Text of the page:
6 Min Read
(Reuters) - Pay no attention to sceptics who claim that meetings are nothing more than an irritant.
Meetings - and your meeting manners - are vitally important, especially in our ever-changing business environment. For better or worse, we learn and make judgments about our colleagues that are based on their behavior.
Meetings are opportunities to observe - and yes, judge - others. Remember, though, that we are being judged as well.
Consider the inevitable cast of characters (in the interest of efficiency, clarity, and brevity, I am using masculine examples; but, rest assured, each character listed definitely has a female counterpart!).
I’ve learned to identify these characters by pet names I would never repeat out loud. I chuckle to myself, which mitigates against their objectionable behavior, thus helping me stay centered and on track, because I don’t take their appearance, words, or actions personally.
The Lounge Lizard sprawls all over the place, wrapping himself around chair arms and legs, sinking into any cushion in sight. Once he’s in the seat, he stays there, never bothering to get up and greet others. No one would be surprised if he put his feet up on the table. Rude, rude, rude, spiced with an attitude of entitlement.
The Wise Guy takes no prisoners when telling you how absurd your ideas are. He as much as says that no sane company could or would embrace them. He knows this because he got his education from Life - i.e., he has street smarts - and heaven help anyone who fails to revere those credentials as one would a Nobel Prize. We are talking slick bully here. He thinks he’s tough.
The Bobble Head says nary a word, offers nary a contribution. Yet every time a good idea is being put forth, the Bobble Head nods knowingly as though he thought of it himself, eons ago.
The Pundit jumps at every chance to tell you how it was done 97 years ago, or that he had come up with every new, worthy idea himself. You don’t need to say anything because he already knows what you’re going to say. Or so he believes.
This merry band of mischief makers is familiar to us all. Why? Because it’s easy to descend to any one of the personas - or, heaven forbid, a combination of all of them. And that can - and does - make a mess of any meeting. These characters make for miserable meetings. Small wonder many people consider meetings a waste of time. And what could be more disrespectful than wasting anyone’s time?
These characters have ignored the old military saw, “Remember the Five P’s: Prior Planning Prevents Poor Performance.” Or, as any number of famous litigators have observed, “A case is won or lost before your enter the courtroom.”
Letitia Baldrige, former Social Secretary at the White House and my mentor, chaired superb meetings. She learned by sitting across from heads of state. Here is her recipe for making meetings meaningful, productive, efficient, and enjoyable:
- Choose a convenient time for the meeting and provide necessary information. For example: 8 a.m. - 9 a.m. continental breakfast will be served.
- Invite the key people who will be involved or affected by the meeting’s outcome. No cast of thousands; yet no omissions.
- Distribute the agenda to everyone within a week of the meeting. Attach supporting materials required to fully participate in discussion.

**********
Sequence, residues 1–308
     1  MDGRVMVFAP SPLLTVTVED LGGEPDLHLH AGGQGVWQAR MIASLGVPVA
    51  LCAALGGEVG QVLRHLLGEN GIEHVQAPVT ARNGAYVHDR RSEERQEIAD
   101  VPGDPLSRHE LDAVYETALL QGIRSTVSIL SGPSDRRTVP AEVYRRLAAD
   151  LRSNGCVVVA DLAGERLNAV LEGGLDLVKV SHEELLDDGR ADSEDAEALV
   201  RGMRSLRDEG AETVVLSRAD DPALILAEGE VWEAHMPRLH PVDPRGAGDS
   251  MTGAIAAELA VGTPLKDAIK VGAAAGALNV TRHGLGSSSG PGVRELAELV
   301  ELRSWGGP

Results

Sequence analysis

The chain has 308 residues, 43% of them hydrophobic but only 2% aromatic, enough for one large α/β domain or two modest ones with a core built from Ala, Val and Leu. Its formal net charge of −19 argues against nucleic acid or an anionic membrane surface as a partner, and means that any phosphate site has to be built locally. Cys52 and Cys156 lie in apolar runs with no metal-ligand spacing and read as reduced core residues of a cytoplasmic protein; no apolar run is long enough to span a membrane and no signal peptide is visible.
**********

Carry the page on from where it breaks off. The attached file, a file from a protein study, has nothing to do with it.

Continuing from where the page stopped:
- Always arrive early to greet the participants, shake hands, and direct them to the conference table or coffee buffet. Let them know the seating arrangements. Consider double-sided place cards on the table. Supply pens and paper at each place.
- Begin the meeting on time, introduce everyone or ask each person to introduce himself, then briefly state the purpose and goal of the meeting and its time frame.
- Always look good; dress authoritatively and colorfully, with perfect grooming. Keep in mind that you are seen sitting, from the waist up.
Consider the big picture: One international colleague of mine offered, “Try to predict the self interests of each identifiable subgroup; imagine their arguments, proposals and fall back positions, and likely compromise alliances. Watch, during the time just prior to the meeting, perhaps at water cooler or coffee, for the shy or unallied individuals who may hold back. Try to draw them out, gently, when the meeting gets going.”
He continued, “Overall, keep it crisp and respectful of time. Get them out of the room, earlier than expected, feeling they have been heard fairly, and have been respected.”
Most of us agree that getting undivided attention is a relic. Frank Catalano, a tech consultant and columnist, addresses the issue this way: “One of my favorite tricks is when the meeting chair asks everyone to take out their tablets and smartphones, and put them face down on the table. The first one to pick it up to check it has to put a dollar on the table beside the device. The fact that they are upside down and visible to everyone else (versus being surreptitiously used under the table) seems to work. It also has the benefit of keeping meetings short because the level of separation anxiety in the room tends to rise over time. I’ve never seen anyone have to pay.”
What if the individual chairing the meeting is the worst offender of short-term tech dependence? That’s the time to ask him or her - preferably while they are using their smartphone - a pointed question about something. Mischief can be a very effective teacher.
(Mary M. Mitchell has written several books on the subject of etiquette, now in 11 languages, most recently "The Complete Idiot's Guide to ModernManners Fast Track" and "Woofs to the Wise". She is the founder of executive training consultancy The Mitchell Organization (www.themitchellorganization.com). The opinions expressed are her own.)
Editing by Michael Roddy